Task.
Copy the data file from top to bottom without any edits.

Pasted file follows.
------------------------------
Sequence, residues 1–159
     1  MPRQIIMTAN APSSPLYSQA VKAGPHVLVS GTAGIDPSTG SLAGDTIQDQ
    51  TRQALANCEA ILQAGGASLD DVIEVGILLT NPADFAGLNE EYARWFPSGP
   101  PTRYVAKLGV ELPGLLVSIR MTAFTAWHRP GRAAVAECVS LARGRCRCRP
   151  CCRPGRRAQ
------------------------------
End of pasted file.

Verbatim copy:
Sequence, residues 1–159
     1  MPRQIIMTAN APSSPLYSQA VKAGPHVLVS GTAGIDPSTG SLAGDTIQDQ
    51  TRQALANCEA ILQAGGASLD DVIEVGILLT NPADFAGLNE EYARWFPSGP
   101  PTRYVAKLGV ELPGLLVSIR MTAFTAWHRP GRAAVAECVS LARGRCRCRP
   151  CCRPGRRAQ